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INFO: What are MDAC, DA SDK, ODBC, OLE DB, ADO, RDS, and ADO/MD?

This article was previously published under Q190463
SUMMARY
This article presents a summary of the technologies for Microsoft'sdatabase technologies. This discussion is, in part, an excerpt of theMicrosoft Data Access Component (MDAC) Redistribution white paper located atthe following URL:This article only includes discussion of MDAC technologies, acronyms, andship vehicles, it does not cover actual redistribution issues.

The above provides a link to a white paper that provides basic information on ADO technologies and a discussion of versions of MDAC up to version 2.0. For a similar discussion of ADO technologies and information on MDAC 2.5, look at the white paper located at the following URL:
MORE INFORMATION
Universal Data Access is Microsoft's strategy for providing high-performance access to all types of information (including relational andnon-relational data) across an organization from the desktop to enterprisesystems. It accomplishes this with the following four key technologies:

  • ODBC
  • OLE DB
  • ADO
  • RDS
Recently, On-Line Analytical Processing, or multi-dimensional (OLAP)extensions have been added to both OLE DB and ActiveX Data Objects (ADO).

Open Database Connectivity (ODBC), is an international standard formanipulating relational data using SQL query syntax across disparatedatasources. ODBC has the advantage of being an international standard thatallows you to manipulate a vast array of relational datasources throughnumerous ODBC Drivers from both Microsoft and third party vendors. The keydisadvantage of ODBC is that it is limited to relational, SQL-syntax baseddata.

OLE DB is Microsoft's strategic low-level interface to data across theorganization. OLE DB is an open specification designed to build on thesuccess of ODBC by providing an open standard for accessing all kinds ofdata. OLE DB imposes no specific limitation on either the query syntax, orthe structure of the data exposed as long as it can be retrieved in tabularform. An OLE DB Data Provider is analogous to an ODBC Driver, exposing aDataSource to an OLE DB Consumer, such as ADO. An increasing variety of OLEDB Data Providers are being released by both Microsoft and third partyvendors. The first OLE DB Data Provider, the Microsoft OLE DB Provider forODBC Drivers, enables you to expose any ODBC DataSource to an OLE DBconsumer.

ADO is Microsoft's strategic, language-neutral, high-level interface todata exposed by OLE DB. ADO provides consistent, high-performance access todata, whether you are creating a front-end database client or middle-tierbusiness object using an application, tool, language, or even an Internetbrowser. ADO is the single data interface you need to know for 1 to n-tierclient/server and Web-based data-driven solution development. ADO is thedefinitive OLE DB Consumer, although you could write your consumerapplication using C++ directly to a OLE DB provider.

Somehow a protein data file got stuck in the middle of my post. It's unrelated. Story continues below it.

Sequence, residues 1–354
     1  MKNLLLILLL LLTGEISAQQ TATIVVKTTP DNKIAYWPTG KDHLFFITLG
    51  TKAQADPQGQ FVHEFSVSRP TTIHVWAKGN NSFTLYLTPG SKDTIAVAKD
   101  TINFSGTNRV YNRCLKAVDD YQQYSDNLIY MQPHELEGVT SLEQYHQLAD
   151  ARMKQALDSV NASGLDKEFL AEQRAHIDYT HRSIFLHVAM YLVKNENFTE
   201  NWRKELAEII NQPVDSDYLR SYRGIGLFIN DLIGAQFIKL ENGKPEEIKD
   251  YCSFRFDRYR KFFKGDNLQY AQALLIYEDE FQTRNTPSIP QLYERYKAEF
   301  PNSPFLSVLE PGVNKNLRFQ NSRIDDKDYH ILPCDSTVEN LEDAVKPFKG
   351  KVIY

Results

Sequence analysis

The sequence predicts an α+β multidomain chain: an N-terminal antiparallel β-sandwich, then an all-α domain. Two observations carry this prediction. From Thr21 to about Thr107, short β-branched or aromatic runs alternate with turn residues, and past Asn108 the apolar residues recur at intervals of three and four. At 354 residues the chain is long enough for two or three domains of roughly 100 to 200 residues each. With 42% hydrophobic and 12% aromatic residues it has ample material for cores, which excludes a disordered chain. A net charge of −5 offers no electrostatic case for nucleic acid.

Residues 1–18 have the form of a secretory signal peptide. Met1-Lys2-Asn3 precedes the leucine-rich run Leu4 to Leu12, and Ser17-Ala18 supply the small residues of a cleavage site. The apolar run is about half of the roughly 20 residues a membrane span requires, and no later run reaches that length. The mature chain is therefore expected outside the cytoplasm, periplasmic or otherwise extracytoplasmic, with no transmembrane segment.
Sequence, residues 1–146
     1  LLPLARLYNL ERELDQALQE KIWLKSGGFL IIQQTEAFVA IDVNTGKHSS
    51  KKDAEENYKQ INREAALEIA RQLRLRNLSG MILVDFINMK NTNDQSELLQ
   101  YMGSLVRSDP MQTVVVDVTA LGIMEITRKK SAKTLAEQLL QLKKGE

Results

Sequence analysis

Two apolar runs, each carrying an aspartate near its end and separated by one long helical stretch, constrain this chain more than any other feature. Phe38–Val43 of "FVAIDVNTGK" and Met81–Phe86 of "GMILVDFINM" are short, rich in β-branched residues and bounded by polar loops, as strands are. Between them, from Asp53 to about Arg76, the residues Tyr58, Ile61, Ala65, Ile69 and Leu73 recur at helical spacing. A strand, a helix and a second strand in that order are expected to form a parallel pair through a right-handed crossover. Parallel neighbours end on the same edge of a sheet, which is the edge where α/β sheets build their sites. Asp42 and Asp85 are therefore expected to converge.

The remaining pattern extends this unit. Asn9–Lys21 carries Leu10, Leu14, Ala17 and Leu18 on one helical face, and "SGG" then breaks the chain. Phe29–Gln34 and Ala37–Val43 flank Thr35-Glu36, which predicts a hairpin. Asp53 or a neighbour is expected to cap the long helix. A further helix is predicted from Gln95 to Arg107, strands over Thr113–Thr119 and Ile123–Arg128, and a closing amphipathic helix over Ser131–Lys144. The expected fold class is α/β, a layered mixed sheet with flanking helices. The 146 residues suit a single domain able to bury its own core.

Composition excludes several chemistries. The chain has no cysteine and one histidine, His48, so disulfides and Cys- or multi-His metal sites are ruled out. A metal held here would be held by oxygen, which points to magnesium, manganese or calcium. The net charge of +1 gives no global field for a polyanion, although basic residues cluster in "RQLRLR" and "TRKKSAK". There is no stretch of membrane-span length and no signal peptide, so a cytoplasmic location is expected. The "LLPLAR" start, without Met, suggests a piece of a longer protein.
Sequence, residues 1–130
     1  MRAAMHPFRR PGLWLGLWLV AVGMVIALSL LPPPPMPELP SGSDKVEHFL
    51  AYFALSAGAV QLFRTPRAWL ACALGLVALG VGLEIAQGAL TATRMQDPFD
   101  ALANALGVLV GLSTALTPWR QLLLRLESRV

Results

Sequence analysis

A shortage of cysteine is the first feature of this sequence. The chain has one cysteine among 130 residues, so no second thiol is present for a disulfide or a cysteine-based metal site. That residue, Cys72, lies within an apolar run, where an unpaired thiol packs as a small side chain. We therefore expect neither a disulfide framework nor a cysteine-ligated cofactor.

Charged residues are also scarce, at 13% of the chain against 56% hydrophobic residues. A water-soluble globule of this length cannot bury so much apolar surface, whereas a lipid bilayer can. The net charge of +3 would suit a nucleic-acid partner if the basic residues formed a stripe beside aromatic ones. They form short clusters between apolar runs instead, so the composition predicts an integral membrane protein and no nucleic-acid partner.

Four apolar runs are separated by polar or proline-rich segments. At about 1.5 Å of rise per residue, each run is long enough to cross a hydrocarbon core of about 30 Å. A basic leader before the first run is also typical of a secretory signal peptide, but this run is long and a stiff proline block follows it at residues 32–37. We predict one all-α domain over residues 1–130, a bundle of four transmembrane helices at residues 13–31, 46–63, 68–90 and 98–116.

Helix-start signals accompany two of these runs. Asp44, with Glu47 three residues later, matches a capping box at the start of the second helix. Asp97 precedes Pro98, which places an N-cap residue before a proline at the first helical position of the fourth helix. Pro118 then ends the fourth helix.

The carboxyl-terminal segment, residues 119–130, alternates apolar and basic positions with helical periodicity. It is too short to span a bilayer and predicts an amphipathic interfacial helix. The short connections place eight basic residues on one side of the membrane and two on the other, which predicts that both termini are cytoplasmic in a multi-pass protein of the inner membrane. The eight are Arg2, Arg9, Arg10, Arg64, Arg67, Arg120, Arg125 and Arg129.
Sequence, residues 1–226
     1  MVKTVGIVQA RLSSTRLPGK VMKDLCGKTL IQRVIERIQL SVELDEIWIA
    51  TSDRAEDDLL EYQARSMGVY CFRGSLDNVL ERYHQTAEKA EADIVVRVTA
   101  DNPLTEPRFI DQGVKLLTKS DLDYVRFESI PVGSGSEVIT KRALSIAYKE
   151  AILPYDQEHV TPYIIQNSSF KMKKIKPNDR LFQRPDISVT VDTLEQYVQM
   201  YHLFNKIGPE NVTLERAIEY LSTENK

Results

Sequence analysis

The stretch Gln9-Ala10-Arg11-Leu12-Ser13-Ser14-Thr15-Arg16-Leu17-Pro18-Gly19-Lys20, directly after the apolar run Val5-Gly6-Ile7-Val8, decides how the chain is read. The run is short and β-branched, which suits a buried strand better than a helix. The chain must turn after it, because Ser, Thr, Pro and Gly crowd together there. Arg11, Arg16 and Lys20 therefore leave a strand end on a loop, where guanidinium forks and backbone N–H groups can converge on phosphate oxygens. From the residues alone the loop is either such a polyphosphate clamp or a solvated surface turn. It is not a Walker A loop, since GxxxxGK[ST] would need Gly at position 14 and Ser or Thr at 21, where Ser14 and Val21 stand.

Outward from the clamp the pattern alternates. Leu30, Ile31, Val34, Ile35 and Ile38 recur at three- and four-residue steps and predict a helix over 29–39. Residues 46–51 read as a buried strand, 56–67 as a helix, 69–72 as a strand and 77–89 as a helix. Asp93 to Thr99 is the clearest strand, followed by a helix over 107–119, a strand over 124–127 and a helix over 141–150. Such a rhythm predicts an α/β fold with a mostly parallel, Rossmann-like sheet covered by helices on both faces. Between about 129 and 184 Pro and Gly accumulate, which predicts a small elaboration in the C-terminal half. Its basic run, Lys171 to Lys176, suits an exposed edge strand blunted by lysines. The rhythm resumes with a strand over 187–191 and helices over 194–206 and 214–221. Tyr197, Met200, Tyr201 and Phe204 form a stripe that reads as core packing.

The Microsoft Remote Data Service (RDS) allows you to use an ADO recordsetremotely across one of three protocols (HTTP, HTTPS, or DCOM). RDS wasoriginally intended for Web-based clients, but you are free to implementyour RDS client in any development environment or language you choose. Youcan optionally implement a server side business object for generating andreceiving a recordset, or you can use the default business object that RDSprovides within its server-side components. You are required to useInternet Information Server (IIS) to host the RDS Server components only ifusing the HTTP or HTTPS protocols. Using DCOM to marshal objects (recordsetor otherwise) with RDS eliminates the IIS dependency. RDS provides theadvantages of client-side caching of data results, updateable data, andsupport for some data-aware ActiveX controls.

The Microsoft Data Access Components (MDAC), is the combination of thesefour technologies as well as various ODBC Drivers and OLE DB DataProviders. MDAC also includes, increasingly with version 1.5 and later,extensions to both OLE DB and ADO, most notably (but not limited to) On-line Analytical Processing, or Multi-Dimensional data. There have beenthree significant releases of MDAC components, but only one of thosereleases was publicly known as MDAC. MDAC 1.0 did not ship as acoordinated, stand-alone setup program, but was included piecemeal withvarious Software Development Kit (SDK)'s and products. MDAC 1.5 did featurea complete, stand-alone installation and was also included with variousSDK's and products. MDAC 2.0 was renamed to the Data Access SDK, and boththe ODBC and OLE DB SDK's were rolled into the Data Access 2.0 SDK.Microsoft refers to MDAC 2.0 components as the run-time (non-SDK elements)of the Data Access 2.0 SDK.